Canadian singer and teen idol Justin Bieber was heading to Oslo this week for three concerts that have sold around 66,000 tickets and won massive publicity in Norwegian media. Police have been working for months to be better prepared to handle the tens of thousands of screaming young Bieber fans than they were the last time the singer came to Norway.
That appearance sparked chaos in and around downtown Oslo last spring, and organizers got lots of criticism. Many called the mass pandemonium “frightening,” not least after 88 persons were injured in the crowds.
Now the organizers of the three concerts on Tuesday, Wednesday and Thursday at the Telenor Arena at Fornebu, west of Oslo, have mounted security, transportation and communication efforts billed as “the best preparations for a concert event ever held on Norwegian soil.” As many as 1,000 police and private security guards plus health care workers and Red Cross volunteers will be on hand to control crowds both at Fornebu, at major public transportation hubs and downtown.
Doors open at 6:30pm on Tuesday for the first concert at Telenor Arena, with special shuttle-bus service from downtown starting as early as noon for those eager to be first in line. Police have been warning fans not to come too early, though, for fear they’ll be cold and exhausted long before the concert even begins. It remained to be seen how successful parents will be at controlling their offspring’s movements, however, or whether school officials will be able to keep them in class. Expectations were high that schools all over the country would be seeing a high absentee rate on concert days.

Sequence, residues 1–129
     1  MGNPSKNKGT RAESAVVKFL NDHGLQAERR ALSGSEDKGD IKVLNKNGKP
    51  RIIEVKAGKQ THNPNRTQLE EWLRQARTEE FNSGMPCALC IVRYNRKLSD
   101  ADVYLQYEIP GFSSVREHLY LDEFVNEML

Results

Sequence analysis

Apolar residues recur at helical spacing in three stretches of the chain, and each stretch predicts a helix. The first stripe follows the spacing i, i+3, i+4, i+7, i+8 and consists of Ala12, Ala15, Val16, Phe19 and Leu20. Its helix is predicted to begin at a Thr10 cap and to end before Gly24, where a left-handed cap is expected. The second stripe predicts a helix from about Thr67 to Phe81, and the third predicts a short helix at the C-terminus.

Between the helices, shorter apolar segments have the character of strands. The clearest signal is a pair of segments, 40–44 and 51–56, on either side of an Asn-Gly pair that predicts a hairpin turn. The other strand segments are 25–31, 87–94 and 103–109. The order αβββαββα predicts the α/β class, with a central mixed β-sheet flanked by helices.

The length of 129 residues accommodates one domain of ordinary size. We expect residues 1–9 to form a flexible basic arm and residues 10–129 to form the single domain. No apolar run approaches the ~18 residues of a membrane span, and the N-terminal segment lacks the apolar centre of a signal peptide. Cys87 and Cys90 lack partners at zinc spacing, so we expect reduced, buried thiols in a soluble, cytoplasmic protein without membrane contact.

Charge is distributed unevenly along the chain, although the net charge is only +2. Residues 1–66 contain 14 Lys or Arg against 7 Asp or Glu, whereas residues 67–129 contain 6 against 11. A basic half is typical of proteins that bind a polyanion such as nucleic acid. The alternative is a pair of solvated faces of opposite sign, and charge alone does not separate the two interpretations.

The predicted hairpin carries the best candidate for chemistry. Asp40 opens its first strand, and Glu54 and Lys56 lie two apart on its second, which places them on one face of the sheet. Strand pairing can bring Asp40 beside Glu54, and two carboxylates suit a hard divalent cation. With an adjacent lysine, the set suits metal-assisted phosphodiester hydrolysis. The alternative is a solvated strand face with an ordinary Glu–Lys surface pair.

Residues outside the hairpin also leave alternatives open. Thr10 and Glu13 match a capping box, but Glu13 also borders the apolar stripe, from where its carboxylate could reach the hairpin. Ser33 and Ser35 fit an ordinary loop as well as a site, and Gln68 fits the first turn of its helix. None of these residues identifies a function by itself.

The fans are traveling to Oslo from around the country, with special bus transport also offered from several cities. Parents driving their Bieber-smitten children to Fornebu for the concerts were urged to park in Asker, at Sandvika or Oslo, and take public transportation from there, since no parking would be allowed around the concert arena.
The area around Telenor Arena was under tight control, with many roads blocked off and posing commuting challenges for the thousands of non-Bieber fans working, for example, at the large companies with offices at Fornebu such as Telenor, Statoil and Aker Solutions. Many people also live on Fornebu, or on the adjacent island of Snarøya, and they all faced major traffic congestion on concert days.
Both Telenor and NetCom, two of Norway’s major mobile telephone providers, have been working to boost capacity to handle all the calls and text messages expected before, during and after Bieber’s concerts. It remained impossible to guarantee that Bieber fans would be able to communicate with their parents, for example, so organizers also urged fans to agree on meeting places for rides home, for example, well in advance.
As some fans started flocking around Oslo’s Grand Hotel over the weekend, after rumours that Bieber would be staying there and possibly arriving earlier than Tuesday, there were some voices of disapproval in the crowd. One 14-year-old girl wrote a column in newspaper Aftenposten last week that she was “frustrated” by all the hype and thinks it’s “absurd” that so many of her contemporaries planned to cut classes and jeopardize important pre-exam studies because of “hysteria” over Bieber. “He’s no god, he’s just an ordinary boy with some talent,” she wrote.
Others clearly disagree. One newspaper commentator, in Dagsavisen, also claimed that Bieber has more fans in Norway, on a per capita basis, than in any other country. They weren’t about to miss his appearances in Norway this week.
Views and News from Norway/Nina Berglund
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